As MIE said, this is definitely not a dumb issue. To tell you the truth, keeping a horse perfectly straight is one of the hardest things we have to do in dressage. Once you've got straightness, you can work on so much more.
We can't have straightness before we have a 'forward button'. Unless the horse is travelling with impulsion and in front of your leg, it is very VERY hard to keep the horse on a straight line.
To start with, avoid working right on the rail, work on the second and third tracks as much as possible. I try to avoid the outside track as much as possible when riding no matter what I'm doing. The more you work on the outside rail, the more the horse will learn to rely on it to follow.
Ride forward and really focus on keeping your own body straight and in line with a point on the other side of the arena. Focus on this point and ride strongly towards it.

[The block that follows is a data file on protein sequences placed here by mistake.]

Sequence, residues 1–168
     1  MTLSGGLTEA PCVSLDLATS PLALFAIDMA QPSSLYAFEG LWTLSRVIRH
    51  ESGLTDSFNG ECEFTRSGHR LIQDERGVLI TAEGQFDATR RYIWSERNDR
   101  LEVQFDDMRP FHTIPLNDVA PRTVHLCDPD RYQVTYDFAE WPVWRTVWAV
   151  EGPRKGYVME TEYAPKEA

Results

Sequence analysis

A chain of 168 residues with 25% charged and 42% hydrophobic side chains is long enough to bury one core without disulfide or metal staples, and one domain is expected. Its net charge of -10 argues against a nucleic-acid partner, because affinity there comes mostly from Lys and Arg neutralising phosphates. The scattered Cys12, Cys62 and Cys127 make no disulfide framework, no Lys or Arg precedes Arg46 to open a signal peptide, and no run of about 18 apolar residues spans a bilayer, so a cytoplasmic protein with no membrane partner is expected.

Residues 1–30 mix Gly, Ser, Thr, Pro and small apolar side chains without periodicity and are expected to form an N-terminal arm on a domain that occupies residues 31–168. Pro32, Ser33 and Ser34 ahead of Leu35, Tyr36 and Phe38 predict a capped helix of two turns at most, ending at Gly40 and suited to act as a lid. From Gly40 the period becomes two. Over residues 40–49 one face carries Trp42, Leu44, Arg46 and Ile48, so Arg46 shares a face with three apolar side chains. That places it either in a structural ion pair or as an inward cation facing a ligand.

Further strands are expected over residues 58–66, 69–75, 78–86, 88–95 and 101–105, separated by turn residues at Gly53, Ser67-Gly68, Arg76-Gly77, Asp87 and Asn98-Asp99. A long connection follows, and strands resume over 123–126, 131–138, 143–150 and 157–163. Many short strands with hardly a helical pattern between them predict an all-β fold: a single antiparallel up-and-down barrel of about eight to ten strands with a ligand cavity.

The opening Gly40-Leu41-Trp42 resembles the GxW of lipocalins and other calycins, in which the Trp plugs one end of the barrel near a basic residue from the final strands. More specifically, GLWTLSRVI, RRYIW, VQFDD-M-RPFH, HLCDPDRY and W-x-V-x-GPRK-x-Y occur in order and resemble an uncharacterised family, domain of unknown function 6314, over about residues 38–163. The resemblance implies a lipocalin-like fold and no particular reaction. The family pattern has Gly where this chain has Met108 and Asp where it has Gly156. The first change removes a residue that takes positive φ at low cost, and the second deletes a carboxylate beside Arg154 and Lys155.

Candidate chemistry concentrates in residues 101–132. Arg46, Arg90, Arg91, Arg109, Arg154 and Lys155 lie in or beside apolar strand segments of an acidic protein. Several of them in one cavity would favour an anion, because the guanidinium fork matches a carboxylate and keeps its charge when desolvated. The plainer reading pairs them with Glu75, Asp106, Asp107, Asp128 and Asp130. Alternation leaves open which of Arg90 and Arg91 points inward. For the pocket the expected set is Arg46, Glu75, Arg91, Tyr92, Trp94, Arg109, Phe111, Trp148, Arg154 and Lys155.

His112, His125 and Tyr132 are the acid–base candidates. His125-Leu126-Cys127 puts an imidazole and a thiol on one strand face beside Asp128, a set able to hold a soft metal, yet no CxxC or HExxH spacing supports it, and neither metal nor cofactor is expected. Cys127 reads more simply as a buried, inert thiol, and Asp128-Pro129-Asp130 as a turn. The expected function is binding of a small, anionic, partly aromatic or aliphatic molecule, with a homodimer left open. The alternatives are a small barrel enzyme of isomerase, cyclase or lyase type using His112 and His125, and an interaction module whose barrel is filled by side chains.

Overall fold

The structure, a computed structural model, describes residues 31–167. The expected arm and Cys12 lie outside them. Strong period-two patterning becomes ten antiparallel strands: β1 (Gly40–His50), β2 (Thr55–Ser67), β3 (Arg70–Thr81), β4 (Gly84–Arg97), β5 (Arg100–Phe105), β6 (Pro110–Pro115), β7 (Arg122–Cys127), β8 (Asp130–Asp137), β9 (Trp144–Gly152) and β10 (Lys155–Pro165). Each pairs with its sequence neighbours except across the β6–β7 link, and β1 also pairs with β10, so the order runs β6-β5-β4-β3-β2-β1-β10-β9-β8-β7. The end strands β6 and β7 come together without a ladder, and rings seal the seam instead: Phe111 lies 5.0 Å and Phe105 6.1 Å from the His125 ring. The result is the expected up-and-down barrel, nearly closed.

If we are talking primarily centrelines, this is an issue many people have - myself included on my current green horse. We tend to think of the halt rather than riding forward. My suggestion is to not put the halt at X in when you are practicing at home, just ride straight and forward the whole way down. Often a horse will drift one way more than the other. My boy for example, tends to swings his quarters to the left. To correct this, I apply a gentle pressure with my left leg, slightly close my left thigh onto the saddle and use a touch of left rein. This way, you are VERY slightly in a leg yielding feel, but not to the point where the yield can be seen. You are simply applying a little more pressure to the side the horse tends to swing out, to discourage the swing before it happens.